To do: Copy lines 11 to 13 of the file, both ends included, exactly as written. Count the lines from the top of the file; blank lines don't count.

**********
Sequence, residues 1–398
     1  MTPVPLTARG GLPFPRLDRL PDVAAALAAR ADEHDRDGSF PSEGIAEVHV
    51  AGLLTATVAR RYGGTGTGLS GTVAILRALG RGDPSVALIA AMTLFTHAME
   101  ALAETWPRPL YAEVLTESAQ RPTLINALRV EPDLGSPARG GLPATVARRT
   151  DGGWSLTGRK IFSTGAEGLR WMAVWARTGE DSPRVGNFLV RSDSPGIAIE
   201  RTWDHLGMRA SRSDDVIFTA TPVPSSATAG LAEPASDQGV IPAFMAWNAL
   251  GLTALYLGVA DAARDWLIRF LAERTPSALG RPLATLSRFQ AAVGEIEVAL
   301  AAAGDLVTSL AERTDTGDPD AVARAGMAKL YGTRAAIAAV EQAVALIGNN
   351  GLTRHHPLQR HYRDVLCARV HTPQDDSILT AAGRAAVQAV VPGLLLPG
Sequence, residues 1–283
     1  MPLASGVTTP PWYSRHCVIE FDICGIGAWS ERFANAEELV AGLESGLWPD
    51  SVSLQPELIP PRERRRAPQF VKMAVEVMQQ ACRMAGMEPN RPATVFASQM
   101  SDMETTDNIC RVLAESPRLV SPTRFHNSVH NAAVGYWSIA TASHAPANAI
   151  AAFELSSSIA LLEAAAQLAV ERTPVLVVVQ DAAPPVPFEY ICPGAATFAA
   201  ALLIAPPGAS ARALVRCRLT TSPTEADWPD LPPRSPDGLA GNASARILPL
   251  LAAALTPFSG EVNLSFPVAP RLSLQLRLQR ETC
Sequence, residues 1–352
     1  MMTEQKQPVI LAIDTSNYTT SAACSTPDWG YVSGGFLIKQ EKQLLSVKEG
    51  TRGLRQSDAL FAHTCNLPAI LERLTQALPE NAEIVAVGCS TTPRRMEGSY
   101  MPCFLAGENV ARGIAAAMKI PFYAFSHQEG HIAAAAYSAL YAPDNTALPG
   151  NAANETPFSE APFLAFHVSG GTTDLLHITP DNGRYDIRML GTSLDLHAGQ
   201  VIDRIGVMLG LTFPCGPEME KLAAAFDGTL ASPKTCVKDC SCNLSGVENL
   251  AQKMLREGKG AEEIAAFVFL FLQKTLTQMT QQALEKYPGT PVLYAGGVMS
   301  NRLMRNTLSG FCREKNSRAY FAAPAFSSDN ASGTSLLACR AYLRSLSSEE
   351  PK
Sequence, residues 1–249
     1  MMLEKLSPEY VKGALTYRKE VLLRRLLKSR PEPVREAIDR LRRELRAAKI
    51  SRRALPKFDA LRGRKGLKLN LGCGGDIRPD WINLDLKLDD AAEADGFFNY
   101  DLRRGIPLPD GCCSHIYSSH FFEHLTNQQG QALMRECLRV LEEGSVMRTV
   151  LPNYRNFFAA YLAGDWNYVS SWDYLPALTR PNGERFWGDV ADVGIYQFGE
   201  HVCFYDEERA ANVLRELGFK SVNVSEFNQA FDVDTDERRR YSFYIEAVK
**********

     1  MPLASGVTTP PWYSRHCVIE FDICGIGAWS ERFANAEELV AGLESGLWPD
    51  SVSLQPELIP PRERRRAPQF VKMAVEVMQQ ACRMAGMEPN RPATVFASQM
   101  SDMETTDNIC RVLAESPRLV SPTRFHNSVH NAAVGYWSIA TASHAPANAI